Nokia cleared in patent dispute, InterDigital vows to continue fight

A U.S. International Trade Commission judge cleared Nokia of infringing on patents held by the wireless technology company InterDigital.

The ruling, made Friday, said Nokia did not infringe on four patents held by InterDigital. InterDigital disputed the ruling and said it would ask the commission to review the matter. If the ITC decides to review the case it will make its final ruling Dec. 14.

"While we are disappointed with the Administrative Law Judge's determination, the patents asserted in this case represent a very small fraction of our total 3G portfolio," said William Merritt, InterDigital's chief executive. "We currently hold and continue to receive patents covering inventions that we believe are essential to the 2G, 3G and emerging LTE standards. Other manufacturers, representing roughly half the 3G market, have recognized our intellectual property's strength and relevance and entered into licensing agreements with us. We, therefore, remain confident in our goal of licensing all manufacturers of 3G terminal units."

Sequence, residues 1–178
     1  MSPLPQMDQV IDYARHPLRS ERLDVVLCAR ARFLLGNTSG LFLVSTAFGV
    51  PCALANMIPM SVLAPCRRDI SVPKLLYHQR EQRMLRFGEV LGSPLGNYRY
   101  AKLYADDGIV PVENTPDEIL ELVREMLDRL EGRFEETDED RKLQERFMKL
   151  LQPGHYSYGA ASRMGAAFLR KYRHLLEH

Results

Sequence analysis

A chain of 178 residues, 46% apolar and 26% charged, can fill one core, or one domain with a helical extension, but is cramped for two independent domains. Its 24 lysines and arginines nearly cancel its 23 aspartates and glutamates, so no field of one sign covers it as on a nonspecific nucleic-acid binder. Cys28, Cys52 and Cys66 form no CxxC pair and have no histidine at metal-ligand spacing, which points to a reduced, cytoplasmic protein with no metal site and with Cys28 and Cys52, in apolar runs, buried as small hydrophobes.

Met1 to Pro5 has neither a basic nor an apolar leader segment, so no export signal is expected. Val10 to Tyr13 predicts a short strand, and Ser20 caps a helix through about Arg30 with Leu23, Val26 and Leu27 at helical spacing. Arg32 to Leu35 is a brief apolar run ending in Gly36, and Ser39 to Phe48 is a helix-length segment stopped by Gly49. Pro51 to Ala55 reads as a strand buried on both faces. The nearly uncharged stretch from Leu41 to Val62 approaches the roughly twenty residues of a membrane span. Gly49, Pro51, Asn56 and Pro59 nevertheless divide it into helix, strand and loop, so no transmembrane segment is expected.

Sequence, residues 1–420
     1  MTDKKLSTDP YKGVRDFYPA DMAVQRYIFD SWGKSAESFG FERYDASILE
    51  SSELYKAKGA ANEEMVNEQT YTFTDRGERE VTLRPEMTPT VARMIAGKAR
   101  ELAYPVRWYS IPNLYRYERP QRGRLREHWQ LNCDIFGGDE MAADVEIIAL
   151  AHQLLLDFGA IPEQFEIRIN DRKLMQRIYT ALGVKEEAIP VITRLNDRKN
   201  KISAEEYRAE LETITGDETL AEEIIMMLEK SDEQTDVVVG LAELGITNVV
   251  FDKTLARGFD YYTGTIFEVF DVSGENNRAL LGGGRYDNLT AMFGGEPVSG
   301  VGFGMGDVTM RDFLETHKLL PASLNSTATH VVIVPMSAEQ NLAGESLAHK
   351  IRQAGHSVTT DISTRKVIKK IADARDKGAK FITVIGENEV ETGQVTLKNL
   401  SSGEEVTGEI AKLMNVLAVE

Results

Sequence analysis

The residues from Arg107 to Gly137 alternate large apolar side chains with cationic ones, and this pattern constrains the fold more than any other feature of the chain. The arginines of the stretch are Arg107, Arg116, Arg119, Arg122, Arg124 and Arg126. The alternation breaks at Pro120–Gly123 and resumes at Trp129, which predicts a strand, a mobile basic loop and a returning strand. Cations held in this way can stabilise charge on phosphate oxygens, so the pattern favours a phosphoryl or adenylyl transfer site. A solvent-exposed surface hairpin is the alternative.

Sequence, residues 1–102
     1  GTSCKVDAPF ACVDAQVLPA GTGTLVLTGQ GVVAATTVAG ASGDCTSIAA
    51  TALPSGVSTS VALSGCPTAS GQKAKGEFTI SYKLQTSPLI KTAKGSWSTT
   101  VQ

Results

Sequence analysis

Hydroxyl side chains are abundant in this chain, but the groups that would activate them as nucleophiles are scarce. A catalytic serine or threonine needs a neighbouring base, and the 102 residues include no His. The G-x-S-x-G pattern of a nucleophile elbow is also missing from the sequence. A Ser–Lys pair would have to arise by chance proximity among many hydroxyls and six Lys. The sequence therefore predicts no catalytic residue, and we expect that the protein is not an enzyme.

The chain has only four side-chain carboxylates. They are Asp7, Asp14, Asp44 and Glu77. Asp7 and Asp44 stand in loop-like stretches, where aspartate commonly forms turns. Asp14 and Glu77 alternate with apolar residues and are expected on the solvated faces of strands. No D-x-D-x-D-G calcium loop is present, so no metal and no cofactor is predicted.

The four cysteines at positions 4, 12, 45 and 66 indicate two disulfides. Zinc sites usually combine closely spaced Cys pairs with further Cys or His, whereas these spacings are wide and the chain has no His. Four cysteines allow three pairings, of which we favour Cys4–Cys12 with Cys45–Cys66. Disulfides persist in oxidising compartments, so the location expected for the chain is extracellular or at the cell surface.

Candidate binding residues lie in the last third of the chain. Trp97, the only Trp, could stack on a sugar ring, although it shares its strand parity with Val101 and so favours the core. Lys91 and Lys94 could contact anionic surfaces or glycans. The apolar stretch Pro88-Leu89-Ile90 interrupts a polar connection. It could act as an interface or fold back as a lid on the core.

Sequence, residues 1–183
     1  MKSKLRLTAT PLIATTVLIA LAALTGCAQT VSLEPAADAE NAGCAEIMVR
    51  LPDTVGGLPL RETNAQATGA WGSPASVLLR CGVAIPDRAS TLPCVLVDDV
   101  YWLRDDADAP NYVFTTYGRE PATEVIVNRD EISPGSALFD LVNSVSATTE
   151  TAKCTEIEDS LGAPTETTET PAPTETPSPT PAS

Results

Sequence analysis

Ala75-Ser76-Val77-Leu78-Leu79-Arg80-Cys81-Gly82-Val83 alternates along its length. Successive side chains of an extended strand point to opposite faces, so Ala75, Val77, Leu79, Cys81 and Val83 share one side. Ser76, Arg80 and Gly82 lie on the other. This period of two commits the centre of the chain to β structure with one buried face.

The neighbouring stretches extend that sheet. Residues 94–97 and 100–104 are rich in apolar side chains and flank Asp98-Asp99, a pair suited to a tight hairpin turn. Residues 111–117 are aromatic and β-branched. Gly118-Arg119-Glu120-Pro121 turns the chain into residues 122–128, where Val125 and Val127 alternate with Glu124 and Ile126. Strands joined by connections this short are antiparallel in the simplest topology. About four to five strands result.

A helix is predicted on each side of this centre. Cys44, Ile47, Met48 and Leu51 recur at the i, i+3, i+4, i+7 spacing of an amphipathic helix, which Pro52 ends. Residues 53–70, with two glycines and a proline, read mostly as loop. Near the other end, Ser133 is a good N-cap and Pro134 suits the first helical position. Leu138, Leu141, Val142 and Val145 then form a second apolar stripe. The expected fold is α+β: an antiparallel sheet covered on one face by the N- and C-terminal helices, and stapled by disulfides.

The comments didn't soothe investors, who sent InterDigital's stock down almost 25 percent to around $22.23 per share.

The ITC first agreed to look into the case two years ago after InterDigital said that Nokia infringed on its patents for 3G handsets. Nokia said in a statement following Friday's ruling that the ITC determination shows that InterDigital may have overestimated the value of its 3G patent portfolio.

The imbroglio is the latest for InterDigital, which has a long history of attempting to wrest patent payments from the world's handset makers. In 2007 the company won a $137 million award from Samsung, and in 2006 it settled with Nokia for $256 million in an unrelated patent dust up.

In other InterDigital news, the company this morning said it expects its third quarter revenue to be between $73.5 million to $75.5 million.

For more:
- see this AP article
- see this PC World article
- see this InterDigital release

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InterDigital, Samsung resolve patent dispute
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